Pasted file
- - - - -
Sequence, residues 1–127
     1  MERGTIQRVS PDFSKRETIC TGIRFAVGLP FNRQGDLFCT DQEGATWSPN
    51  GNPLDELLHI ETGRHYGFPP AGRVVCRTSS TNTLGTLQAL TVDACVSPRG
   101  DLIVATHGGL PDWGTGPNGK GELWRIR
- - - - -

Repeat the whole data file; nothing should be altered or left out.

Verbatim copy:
Sequence, residues 1–127
     1  MERGTIQRVS PDFSKRETIC TGIRFAVGLP FNRQGDLFCT DQEGATWSPN
    51  GNPLDELLHI ETGRHYGFPP AGRVVCRTSS TNTLGTLQAL TVDACVSPRG
   101  DLIVATHGGL PDWGTGPNGK GELWRIR